The important part is not the physics, fundamentally this is a statistics problem across some population. "heavier cars are safer than lighter cars in equal-mass collisions"...right, but that also means the heavier your car, the less cars you'll encounter on the road that are heavier than you are. The person in a 90th percentile weight vehicle drives in a world where they are on the better side of a head-on collision 90% of the time. And because of that, you can't transplant cars from a vastly different weight distribution population and expect the same safety results for them.
The Autobahn does put speed limits on larger vehicles like buses and trucks, to try and limit the worst of the high mass + high velocity combinations possible. That's far easier to do than something like parallel roadways.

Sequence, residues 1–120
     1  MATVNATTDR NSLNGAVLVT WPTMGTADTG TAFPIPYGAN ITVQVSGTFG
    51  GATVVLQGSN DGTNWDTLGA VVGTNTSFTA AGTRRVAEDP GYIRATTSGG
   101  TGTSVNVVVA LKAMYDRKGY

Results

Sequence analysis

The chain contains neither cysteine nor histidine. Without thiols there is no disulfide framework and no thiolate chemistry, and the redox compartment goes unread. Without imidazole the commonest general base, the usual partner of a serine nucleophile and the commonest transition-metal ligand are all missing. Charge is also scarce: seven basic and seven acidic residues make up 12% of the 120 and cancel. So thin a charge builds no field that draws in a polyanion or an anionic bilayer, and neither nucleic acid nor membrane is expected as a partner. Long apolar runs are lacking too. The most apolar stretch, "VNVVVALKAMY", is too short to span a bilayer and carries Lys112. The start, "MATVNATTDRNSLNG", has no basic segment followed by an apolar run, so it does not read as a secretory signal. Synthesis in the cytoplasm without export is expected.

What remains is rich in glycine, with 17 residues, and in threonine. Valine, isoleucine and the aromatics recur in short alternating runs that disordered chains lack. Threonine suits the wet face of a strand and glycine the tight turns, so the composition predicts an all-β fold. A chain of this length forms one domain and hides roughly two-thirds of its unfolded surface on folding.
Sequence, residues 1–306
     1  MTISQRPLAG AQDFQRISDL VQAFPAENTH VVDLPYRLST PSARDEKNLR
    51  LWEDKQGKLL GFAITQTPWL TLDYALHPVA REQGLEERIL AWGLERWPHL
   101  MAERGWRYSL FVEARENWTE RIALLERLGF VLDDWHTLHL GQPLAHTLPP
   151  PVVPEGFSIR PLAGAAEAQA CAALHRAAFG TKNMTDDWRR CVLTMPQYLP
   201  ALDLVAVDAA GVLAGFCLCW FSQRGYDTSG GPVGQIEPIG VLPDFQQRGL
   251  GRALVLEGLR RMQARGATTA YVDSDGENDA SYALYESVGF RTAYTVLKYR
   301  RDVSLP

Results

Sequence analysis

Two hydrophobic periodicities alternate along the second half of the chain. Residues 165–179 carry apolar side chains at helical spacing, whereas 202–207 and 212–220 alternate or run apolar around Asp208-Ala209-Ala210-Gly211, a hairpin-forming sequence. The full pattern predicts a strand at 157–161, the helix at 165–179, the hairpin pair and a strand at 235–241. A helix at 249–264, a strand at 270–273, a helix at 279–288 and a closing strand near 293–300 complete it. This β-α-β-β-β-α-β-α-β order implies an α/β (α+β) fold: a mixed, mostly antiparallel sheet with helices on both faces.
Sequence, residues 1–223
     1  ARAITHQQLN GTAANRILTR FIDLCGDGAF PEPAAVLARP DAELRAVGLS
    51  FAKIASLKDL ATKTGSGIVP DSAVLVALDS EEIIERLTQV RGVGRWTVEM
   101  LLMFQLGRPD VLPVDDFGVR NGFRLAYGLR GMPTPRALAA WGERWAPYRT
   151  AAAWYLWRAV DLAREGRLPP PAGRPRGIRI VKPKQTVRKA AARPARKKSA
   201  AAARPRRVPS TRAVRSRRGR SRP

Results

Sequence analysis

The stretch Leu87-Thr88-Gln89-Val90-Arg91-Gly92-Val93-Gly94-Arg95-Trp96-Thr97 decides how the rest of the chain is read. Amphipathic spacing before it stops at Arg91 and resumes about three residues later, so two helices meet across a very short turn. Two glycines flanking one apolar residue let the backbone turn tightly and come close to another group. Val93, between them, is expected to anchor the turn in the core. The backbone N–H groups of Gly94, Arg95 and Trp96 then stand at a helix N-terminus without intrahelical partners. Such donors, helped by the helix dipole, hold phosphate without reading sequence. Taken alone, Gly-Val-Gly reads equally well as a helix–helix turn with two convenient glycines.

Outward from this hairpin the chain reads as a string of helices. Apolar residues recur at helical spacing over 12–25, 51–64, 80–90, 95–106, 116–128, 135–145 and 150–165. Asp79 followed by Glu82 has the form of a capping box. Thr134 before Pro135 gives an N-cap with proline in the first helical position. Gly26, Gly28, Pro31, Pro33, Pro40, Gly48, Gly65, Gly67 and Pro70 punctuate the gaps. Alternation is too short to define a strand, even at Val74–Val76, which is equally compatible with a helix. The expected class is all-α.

It's also worth noting that most of the traffic on the specific chunk of US highway I referenced (I-95) has roughly the same car fatality rate as Germany. There's a handy chart comparing Autobahn safety that breaks things down per-state in the US. The best US entries on that list overlap heavily with the busy parts of I-95. Delaware, Maryland, Maine, Massachusetts, New York, Virginia, New Jersey, New Hampshire, those are all states where I-95 is the primary north/south motorway. Those also happen to be some of the richest states in the country, meaning people are buying higher quality cars too--which may also be the case for typical Autobahn traffic. There are a lot of things that correlate with highway safety in some way.